Penn Researchers Show Bitter Taste Sensitivity Was an Evolutionary Advantage

November 30, 2013

Sarah Tishkoff, Penn Integrates Knowledge Professor in the Department of Biology and Penn Medicine’s Department of Genetics, is senior author of a new study that provides evidence of the significance of bitter taste perception. The study suggests that a genetic mutation making certain people sensitive to bitter compounds appears to have been advantageous, in terms of immune response and metabolism, for certain human populations in Africa. 

The study, published in the journal Molecular Biology and Evolution, represents the first time that this bitter-taste sensing gene, TAS2R16, was studied in a large set of ethnically and culturally diverse African populations. The gene codes for a molecular receptor that binds salicin, a chemical found naturally in willow bark, the source of aspirin. It acts as an anti-inflammatory but can be toxic in large doses. It is also found in many nuts, fruits, and vegetables.

Researchers asked test subjects to perform taste tests of progressively more concentrated solutions of salicin and report when they could detect a bitter taste. The team also performed a cellular analysis to see the molecular effects of different TAS2R16 mutations. When the researchers mapped individuals’ genetic profiles onto their tasting ability, they found a strong correlation between one of the 15 variants and an increased sensitivity to salicin. The cell-based analysis offered an explanation for this sensitivity: Cells with this genetic mutation had nearly twice as many receptors for salicin as did cells with other forms of the TAS2R16 gene.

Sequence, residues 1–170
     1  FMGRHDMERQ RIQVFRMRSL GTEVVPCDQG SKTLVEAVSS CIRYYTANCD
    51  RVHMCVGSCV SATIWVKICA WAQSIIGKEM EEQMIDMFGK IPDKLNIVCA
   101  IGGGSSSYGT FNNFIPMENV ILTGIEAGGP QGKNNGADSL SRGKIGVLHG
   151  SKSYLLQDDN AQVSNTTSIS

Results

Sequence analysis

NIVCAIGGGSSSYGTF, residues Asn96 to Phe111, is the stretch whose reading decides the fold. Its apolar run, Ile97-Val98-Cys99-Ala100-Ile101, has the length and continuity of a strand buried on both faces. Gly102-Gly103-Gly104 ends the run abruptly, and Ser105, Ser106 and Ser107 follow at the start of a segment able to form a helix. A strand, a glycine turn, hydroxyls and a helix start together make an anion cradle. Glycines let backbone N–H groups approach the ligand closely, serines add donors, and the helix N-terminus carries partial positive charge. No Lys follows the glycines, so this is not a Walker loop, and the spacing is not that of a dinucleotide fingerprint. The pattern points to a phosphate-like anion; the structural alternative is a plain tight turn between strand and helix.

On a population level, the researchers found that the high-sensitivity variant for salicin was more prevalent in individuals from East Africa than in those from West Central or Central Africa, and non-Africans possessed only the high-sensitivity version of the gene. What’s more, in East Africans this high-sensitivity variant, which arose roughly 1.1 million years ago, showed signs of being under a force of natural selection in humans, suggesting it conferred a significant evolutionary advantage at some point during our past. 

Additional members of the team from Penn included lead author Michael Campbell, as well as Alessia Ranciaro, Daniel Zinshteyn, Renata Rawlings-Goss, Jibril Hirbo, Simon Thompson, and Dawit Woldemeskel. Other collaborators included Alain Froment, Joseph B. Rucker, Sabah Omar, Jean-Marie Bodo, Thomas Nyambo, Gurja Belay, and Dennis Drayna.

The research was supported by the National Science Foundation and the National Institutes of Health.

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